Welcome To The Superstar Disco Club

Our rating:

A gloriously slanted and enchanted trio from Marseilles, [a]Superstar Disco Club[/a] are not, as you may have mistakenly presumed, yet more kool French disko, in the vein of [a]Daft Punk[/a] and [B]Et

A gloriously slanted and enchanted trio from Marseilles, [a]Superstar Disco Club[/a] are not, as you may have mistakenly presumed, yet more kool French disko, in the vein of [a]Daft Punk[/a] and Etienne de Cricy. They are, rather, [I]le trottoir Frangais[/I], ie: the French Pavement, drizzling their melodies in razor-blade guitar noise and pinning down their angular pop with a perversely Fall-esque rhythmic sense.

However, the involved Cedric, Amilie and Jeremy temper this familiarly ramshackle shimmy with a distinctly unpleasant, psychotic lyrical approach. These are songs about perverts leering at young clubbers (‘Katia Movement #1’), S&M torture dungeons hidden away in the centre of town (‘Chancery Lane’), and the exquisite [I]schadenfreude [/I]of Naomi Campbell’s legendary catwalk pratfall (‘The Abstract Fashion Crisis Day’).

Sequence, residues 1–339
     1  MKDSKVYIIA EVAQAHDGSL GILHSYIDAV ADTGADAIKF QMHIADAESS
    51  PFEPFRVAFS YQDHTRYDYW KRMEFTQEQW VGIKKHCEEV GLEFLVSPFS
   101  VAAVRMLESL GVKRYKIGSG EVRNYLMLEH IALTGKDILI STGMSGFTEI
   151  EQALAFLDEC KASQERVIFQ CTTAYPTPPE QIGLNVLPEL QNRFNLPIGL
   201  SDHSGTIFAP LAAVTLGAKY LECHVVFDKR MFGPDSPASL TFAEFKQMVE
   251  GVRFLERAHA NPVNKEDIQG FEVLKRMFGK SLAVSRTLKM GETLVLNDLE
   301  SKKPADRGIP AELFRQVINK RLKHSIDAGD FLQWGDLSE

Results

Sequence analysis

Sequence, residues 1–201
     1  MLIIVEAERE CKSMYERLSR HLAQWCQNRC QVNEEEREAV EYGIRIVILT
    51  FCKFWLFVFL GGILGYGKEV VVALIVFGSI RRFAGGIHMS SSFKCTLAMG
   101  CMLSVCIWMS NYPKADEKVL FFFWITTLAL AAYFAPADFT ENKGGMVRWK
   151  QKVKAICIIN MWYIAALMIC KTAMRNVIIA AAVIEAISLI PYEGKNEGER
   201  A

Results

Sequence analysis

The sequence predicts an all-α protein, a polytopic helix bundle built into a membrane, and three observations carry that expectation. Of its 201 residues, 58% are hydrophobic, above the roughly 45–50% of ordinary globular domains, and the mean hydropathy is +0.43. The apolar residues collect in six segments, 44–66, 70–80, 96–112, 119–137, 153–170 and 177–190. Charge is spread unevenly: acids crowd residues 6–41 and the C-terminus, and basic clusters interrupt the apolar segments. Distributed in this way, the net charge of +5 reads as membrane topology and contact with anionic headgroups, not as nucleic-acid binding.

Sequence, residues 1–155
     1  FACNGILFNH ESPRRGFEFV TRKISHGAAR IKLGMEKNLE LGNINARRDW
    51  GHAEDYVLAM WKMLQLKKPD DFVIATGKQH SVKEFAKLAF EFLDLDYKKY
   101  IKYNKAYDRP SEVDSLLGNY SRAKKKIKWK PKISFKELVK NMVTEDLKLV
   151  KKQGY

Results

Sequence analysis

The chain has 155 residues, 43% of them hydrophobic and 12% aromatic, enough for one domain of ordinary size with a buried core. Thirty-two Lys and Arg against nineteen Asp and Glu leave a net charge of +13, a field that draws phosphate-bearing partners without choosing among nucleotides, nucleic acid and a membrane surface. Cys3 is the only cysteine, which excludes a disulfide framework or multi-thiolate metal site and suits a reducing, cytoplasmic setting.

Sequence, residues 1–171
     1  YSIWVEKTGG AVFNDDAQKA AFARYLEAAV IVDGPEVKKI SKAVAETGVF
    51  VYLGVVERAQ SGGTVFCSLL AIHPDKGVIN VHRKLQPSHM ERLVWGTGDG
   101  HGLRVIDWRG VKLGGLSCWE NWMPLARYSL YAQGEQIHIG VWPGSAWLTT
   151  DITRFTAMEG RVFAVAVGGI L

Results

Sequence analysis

It’s like [I]Delicatessen [/I]scored by Brainiac, [I]Eurotrash [/I]presented by Frank Booth from [I]Blue Velvet[/I]. It’s also the most exhilaratingly sordid record since the Pixies‘ incestuous-sex-‘n’-tequila classic ‘Surfer Rosa’, as much a comment on the current indie scene’s po-faced puritanism as [a]Superstar Disco Club[/a] themselves.

“Have you been to the kinkiest place in town?” asks Cedric in ‘Chancery Lane’? We presume he’s referring to the [a]Superstar Disco Club[/a]. There are spy cameras in the toilets, porno-movies projected on the walls, broken glass scattered across the dancefloor.